18 Dec '09
Oleg Kouzbit, Online News Managing Editor
Reportedly too cash-strapped to preserve historical buildings, and facing pressure from private business to cede sites for commercial purposes, St. Petersburg is selling some of its 18th – 19th century landmarks. Some are likely to be rebuilt to government order and lose their historic beauty; others, like the Kushelev-Bezborodko Palace, are being auctioned off to anonymous Russian and foreign buyers. Attempts by politicians and academics to “save the city” may slow things down, but it seems certain that part of St. Petersburg’s soul will be forever lost.
Kushelev-Bezborodko Palace “gone” to Moscow
Last week Russian Auction House announced St. Petersburg’s Kushelev-Bezborodko Palace had been auctioned off to “a sizable Moscow-based investment fund” for $24.7m.
The 18th century palace, a unique architectural monument located in St. Pete’s historical center close to Peter the Great’s famous Summer Garden, was reportedly sold in one lot that included the main building on the Neva Embankment, and an outbuilding. The anonymous buyer acquired the entire 6,500 sq. m complex.
The once glorious palace is in rough shape today. According to Russian Auction House CEO Andrey Stepanenko, “the cost of restoration is comparable to the purchase price.” Since the Revolution, the palace has been a residential building. Its future use, because of its location, will surely be commercial.
Survival of the most commercially viable
St. Petersburg officials have long neglected the city’s invaluable pieces of architecture; including some monuments that date back to the times of Peter the Great himself. When Vladimir Putin was president, some city buildings and infrastructure got an expensive, glossy makeover to impress visiting global financial leaders who came here during the G-20.
St. Petersburg Governor Valentina Matviyenko, a close friend of Putin and a long time, well-connected career politician, has run the city and the region since 2003. Critics of the current historic property sell-off are quick to point to her public support of the controversial Gazprom City project, which includes a 77 storey “twisting” skyscraper, complete with a blue flame on top, in front of the historic Smolny Cathedral.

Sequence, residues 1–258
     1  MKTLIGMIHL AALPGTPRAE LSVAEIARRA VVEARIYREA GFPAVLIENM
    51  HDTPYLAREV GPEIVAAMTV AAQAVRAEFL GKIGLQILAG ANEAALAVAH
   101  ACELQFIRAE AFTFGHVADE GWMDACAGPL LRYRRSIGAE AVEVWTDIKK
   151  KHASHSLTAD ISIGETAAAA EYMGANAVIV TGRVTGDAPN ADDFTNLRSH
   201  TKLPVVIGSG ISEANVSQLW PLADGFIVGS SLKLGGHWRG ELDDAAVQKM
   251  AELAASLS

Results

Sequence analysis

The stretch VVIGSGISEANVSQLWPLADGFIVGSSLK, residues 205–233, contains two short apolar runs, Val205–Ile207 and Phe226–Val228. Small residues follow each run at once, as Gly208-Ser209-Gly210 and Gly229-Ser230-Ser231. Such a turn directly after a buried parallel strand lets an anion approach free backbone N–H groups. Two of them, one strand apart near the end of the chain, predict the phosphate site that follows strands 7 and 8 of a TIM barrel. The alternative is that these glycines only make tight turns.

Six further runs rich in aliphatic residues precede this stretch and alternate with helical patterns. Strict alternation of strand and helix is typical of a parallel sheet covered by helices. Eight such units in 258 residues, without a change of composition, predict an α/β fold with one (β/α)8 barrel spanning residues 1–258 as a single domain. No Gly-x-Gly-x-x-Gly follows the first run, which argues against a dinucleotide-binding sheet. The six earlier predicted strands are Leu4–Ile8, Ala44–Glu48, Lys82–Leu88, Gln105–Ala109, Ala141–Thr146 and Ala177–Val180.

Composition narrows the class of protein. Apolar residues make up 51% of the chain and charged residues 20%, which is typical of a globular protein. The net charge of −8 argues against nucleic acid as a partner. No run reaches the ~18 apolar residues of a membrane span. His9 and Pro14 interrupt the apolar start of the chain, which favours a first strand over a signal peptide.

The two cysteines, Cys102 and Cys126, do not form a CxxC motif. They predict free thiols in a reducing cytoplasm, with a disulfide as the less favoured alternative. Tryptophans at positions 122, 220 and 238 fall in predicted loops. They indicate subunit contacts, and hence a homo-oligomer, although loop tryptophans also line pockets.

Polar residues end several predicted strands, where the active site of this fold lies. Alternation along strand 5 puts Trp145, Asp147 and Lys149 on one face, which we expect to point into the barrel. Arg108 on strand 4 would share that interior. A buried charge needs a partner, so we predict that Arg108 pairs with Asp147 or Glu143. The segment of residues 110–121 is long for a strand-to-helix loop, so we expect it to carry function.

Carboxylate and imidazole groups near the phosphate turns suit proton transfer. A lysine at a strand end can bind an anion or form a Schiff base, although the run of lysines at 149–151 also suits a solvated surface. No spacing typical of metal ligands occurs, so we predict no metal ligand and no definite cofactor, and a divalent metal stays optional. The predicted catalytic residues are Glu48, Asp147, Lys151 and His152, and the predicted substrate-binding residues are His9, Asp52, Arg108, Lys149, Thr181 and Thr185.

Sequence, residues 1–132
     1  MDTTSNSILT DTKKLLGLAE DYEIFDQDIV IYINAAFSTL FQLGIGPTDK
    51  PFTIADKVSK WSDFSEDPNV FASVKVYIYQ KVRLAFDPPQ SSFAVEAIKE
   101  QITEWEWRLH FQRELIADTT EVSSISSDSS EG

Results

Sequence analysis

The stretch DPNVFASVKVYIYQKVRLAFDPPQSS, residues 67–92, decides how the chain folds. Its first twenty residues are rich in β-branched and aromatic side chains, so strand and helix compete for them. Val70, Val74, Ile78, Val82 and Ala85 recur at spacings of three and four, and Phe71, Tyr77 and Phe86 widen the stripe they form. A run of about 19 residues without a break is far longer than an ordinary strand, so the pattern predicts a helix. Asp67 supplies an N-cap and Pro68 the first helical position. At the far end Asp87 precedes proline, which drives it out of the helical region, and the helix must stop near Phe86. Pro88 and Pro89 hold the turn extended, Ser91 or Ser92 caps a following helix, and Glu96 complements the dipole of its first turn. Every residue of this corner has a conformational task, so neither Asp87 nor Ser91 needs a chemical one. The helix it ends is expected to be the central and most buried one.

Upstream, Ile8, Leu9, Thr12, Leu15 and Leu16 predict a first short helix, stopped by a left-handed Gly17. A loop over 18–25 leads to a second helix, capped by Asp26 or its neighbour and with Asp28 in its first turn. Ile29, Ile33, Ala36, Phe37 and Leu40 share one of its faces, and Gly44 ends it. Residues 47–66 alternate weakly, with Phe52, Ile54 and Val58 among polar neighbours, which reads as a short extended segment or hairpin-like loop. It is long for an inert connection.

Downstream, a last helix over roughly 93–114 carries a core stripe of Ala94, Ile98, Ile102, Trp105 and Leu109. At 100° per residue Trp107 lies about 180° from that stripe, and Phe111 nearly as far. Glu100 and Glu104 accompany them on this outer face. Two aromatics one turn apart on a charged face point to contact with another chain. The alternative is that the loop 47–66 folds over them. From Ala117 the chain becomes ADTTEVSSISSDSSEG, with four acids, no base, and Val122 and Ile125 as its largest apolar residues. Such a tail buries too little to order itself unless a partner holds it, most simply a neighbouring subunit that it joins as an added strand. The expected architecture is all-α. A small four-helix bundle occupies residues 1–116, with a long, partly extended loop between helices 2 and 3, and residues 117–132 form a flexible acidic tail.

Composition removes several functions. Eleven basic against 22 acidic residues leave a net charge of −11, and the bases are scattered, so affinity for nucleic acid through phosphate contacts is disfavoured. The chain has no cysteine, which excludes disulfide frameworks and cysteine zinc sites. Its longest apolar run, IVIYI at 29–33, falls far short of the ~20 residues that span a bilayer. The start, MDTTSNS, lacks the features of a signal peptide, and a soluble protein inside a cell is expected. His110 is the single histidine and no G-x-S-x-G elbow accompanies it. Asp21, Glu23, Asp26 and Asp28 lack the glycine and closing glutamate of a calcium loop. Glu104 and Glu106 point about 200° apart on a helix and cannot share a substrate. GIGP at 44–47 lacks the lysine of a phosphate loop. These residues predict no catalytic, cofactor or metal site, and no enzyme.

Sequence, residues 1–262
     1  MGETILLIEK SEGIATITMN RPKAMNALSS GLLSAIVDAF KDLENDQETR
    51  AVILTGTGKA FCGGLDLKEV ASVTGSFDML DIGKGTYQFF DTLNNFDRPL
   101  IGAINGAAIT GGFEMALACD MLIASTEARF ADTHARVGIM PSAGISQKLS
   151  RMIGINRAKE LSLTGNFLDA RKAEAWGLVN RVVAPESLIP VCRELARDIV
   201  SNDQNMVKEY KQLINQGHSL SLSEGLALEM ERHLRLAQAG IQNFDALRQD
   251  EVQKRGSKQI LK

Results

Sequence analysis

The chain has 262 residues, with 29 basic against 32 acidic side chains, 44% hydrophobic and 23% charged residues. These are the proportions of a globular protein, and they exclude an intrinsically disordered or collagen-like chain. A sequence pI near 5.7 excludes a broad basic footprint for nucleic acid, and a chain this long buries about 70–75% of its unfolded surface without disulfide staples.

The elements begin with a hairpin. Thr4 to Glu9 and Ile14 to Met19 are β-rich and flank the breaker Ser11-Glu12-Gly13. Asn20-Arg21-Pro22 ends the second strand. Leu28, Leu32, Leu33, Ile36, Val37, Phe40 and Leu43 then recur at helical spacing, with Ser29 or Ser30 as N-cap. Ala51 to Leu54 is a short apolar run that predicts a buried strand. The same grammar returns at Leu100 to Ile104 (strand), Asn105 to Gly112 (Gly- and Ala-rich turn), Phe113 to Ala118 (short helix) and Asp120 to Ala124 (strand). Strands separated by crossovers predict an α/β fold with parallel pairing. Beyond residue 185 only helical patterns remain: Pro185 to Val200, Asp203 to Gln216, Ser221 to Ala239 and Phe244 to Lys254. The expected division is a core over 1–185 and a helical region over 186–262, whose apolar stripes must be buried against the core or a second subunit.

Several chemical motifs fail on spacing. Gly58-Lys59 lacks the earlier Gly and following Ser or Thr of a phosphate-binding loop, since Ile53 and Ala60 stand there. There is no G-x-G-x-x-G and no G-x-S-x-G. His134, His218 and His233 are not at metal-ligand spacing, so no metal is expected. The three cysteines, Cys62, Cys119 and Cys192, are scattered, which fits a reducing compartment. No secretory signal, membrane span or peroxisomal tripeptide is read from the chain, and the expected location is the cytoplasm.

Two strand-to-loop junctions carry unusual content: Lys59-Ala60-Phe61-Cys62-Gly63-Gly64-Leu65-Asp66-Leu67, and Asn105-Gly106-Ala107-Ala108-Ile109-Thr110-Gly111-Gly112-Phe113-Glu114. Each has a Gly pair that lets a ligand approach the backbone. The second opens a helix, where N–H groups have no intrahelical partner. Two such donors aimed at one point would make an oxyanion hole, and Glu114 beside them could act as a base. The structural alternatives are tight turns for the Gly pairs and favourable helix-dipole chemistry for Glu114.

Despite current regulations forbidding construction of buildings with more than 12-15 stories in the area and a bitter feud between supporters and foes, the project is still moving forward.
Although many of the city’s historically significant buildings can still be rescued and restored, benign neglect has made the cost prohibitive. Publicly, the government claims it’s committed to preserving architectural monuments, but it looks like the commitment only covers St. Pete’s most internationally recognized masterpieces like the Winter Palace or the Kazan Cathedral.
Critics point out that less conspicuous buildings of the 18th and 19th centuries are simply being left to rot, making them easier to sell or auction. Either way, because many of these properties sit on prime real estate, they are eagerly sought after by well-connected developers.
Governor Matviyenko claims that auctioning off historical monuments to private business is a way to save them. As practice shows, however, the result is often starkly different. The buildings are demolished and the ground cleared for new commercial construction.
If only Pushkin could see this…
The Kushelev-Bezborodko Palace is not the only historic landmark slated for eventual commercialization. Some St. Pete residents fear the stage has been set for full-blown privatization of the city’s cultural legacy and have begun to lobby for more preservation.